While the goal of institutional research is often defined in terms of the institution, it is, in my view, about improving student outcome. Underlying every enrollment measure, degree count, graduation rate, or any other student metric, are individual students whose lives are affected by our work. Remembering that impact in all our work will likely have the greatest impact.

Think about the tools of Big Data and how they can be used in an Institutional Research office of any size institution.

Consider Open Source Software – just remember open source expects a commitment of your time in the community of the project

Study the existing work that has been published. Build up on it. Expand it conceptually. Some of our most important reports have been based on the work of others and expanded to extremes.

From a technical perspective, a rules-based processing model allows one to create a single data engine that can be expanded simply by adding additional rules or filters. This requires thinking critically about you structure data to create products that offer highly-defined areas for action.

Learn to convey to decision-makers and other executives that not everything can be boiled down to single, simple metric from which to take action. Just as we require our students engage in learning and make an effort, the same is often true for anyone that would claim to understand a higher education measurement.


About Tod Massa

Tod Massa started at SCHEV in 2001 with nearly a decade of experience in policy research and analysis, and data management. As Policy Research and Data Warehousing Director, Mr. Massa oversees the development and of the Commonwealth’s postsecondary education data system; the biennial projections of enrollment and demand; and is one of the architects and leaders of the Virginia Longitudinal Data System. His duties also include directing the collection, maintenance, and analysis of research data from all Virginia colleges and universities related to enrollment, graduation, and financial aid. He directs the agency’s information systems activities and coordinates the agency’s relationship with the Virginia Information Technology Agency. Mr. Massa frequently serves on federal technical review panels for the US Department of Education.

Prior to joining the Council staff, Mr. Massa held institutional research leadership positions at two institutions of higher education. From 1991 to 1994, he served as the Institutional Research Coordinator and Academic Policy Analyst at Saint Louis University. Most recently, Mr. Massa served as the Director of Institutional Research and Planning Support at Willamette University in Salem, Oregon. Prior to joining the staff at Willamette, Mr. Massa served in the U.S. Army and was twice awarded the Department of the Army Certificate of Achievement and the Army Achievement Medal for outstanding service.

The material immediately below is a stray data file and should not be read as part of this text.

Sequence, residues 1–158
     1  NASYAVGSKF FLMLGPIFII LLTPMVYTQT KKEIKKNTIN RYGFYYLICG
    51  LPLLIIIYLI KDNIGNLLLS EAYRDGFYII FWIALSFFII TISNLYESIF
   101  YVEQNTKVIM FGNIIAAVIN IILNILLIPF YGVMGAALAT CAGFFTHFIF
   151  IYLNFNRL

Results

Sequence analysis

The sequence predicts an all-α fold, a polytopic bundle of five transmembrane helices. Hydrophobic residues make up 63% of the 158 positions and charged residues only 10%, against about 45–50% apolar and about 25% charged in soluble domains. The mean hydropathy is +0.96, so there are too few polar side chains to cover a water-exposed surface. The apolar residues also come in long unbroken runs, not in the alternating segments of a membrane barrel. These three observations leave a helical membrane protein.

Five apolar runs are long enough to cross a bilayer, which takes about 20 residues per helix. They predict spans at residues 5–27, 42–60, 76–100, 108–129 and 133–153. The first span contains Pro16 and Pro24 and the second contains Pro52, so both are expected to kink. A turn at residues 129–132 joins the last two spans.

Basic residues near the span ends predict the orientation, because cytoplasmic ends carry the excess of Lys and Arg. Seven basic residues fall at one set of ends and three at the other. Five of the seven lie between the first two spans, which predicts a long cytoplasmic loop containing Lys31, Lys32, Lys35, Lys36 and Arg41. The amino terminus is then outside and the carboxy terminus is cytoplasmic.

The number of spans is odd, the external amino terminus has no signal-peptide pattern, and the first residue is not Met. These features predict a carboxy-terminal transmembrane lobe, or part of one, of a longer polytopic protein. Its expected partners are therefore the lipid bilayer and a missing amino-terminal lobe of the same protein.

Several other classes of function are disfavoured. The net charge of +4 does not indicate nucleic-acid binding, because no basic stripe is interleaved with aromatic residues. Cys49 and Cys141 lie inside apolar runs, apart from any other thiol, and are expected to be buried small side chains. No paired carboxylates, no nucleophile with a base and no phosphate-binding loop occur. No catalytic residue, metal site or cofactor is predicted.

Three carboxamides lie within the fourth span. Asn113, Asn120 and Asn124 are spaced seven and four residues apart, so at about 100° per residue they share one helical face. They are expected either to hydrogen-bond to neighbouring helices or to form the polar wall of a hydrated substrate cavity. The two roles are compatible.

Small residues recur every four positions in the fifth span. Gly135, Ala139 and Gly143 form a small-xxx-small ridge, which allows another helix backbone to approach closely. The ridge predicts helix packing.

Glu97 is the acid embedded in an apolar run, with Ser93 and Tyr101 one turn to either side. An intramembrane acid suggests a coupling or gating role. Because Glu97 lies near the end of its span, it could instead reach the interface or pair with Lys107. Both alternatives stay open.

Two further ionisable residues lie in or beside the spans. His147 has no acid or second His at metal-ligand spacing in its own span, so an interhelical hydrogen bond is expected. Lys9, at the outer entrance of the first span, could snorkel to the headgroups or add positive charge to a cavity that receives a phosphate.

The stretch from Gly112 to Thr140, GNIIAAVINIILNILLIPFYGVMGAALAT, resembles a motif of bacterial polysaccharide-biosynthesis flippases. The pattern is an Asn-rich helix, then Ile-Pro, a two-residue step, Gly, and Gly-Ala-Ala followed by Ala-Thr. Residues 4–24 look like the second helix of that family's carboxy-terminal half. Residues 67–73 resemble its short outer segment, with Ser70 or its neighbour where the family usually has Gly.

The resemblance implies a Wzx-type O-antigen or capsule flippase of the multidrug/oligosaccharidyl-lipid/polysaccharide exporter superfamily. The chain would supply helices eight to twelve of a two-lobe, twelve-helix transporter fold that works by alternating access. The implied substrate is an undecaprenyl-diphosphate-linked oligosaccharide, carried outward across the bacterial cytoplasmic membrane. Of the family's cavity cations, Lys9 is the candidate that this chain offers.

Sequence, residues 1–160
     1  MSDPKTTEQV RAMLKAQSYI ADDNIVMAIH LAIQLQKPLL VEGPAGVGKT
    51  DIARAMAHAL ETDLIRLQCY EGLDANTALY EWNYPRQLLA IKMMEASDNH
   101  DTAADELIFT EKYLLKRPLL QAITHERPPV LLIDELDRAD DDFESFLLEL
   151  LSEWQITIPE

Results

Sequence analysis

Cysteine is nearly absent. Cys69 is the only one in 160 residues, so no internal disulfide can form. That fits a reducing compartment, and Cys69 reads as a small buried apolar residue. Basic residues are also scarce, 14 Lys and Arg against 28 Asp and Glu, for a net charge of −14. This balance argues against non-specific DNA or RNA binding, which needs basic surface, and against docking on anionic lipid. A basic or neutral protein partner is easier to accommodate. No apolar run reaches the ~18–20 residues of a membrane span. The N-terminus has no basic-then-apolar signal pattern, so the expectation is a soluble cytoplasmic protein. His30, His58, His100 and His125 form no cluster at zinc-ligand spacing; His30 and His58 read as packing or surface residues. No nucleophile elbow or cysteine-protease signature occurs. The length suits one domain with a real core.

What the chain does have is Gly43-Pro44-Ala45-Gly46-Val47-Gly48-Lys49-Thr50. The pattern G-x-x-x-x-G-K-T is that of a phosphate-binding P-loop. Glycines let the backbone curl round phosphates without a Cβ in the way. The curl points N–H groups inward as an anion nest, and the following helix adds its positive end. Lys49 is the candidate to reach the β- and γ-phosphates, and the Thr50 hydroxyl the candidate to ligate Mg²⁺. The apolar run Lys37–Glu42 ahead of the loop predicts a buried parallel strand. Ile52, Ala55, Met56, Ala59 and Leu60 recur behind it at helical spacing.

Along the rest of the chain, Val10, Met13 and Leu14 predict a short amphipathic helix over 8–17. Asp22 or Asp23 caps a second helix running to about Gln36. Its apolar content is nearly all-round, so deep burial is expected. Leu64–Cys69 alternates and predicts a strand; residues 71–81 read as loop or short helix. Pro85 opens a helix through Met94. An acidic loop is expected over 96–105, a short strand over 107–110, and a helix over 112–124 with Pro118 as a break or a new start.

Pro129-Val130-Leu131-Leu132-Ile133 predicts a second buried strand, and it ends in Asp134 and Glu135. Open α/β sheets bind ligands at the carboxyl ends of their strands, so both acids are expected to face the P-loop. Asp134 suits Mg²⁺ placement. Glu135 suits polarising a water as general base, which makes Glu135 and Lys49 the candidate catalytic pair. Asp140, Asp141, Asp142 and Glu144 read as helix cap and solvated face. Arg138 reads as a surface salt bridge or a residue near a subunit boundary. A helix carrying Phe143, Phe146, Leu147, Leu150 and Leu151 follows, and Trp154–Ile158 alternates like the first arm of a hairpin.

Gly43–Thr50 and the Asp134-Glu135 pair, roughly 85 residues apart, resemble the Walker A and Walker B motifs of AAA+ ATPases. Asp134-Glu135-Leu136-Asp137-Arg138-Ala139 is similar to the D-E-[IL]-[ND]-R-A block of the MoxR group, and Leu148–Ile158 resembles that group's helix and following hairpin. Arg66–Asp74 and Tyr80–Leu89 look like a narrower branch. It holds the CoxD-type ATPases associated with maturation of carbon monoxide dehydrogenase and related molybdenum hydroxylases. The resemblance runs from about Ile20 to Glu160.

Mr. Massa has completed doctoral work in Public Policy Analysis and Planning at Saint Louis University. He earned a Master of Public Administration degree from Southern Illinois University at Edwardsville. He holds a Bachelor of Arts degree in studio art from Missouri Southern State College.

Mr. Massa has also received the Association for Institutional Research’s “Outstanding Service Award” for service to the association in 2000.


For more information on the role of IR offices in today’s higher education institutions, e-mail for the following reports:

  • Institutional Research Practices for Decision-Making:Hanover Research discusses best practices for institutional research. The first section of the report reviews research on IR data collection and management practices, as well as office structure. The second section profiles five institutions that have been recognized for exemplary IR practices.
  • Integrated Institutional Research and Planning Offices:In the following report, Hanover  discusses the common characteristics of these offices,  with  information  on  typical  office  activities, staff,  and  organization,  and  then profiles several integrated institutional research and planning offices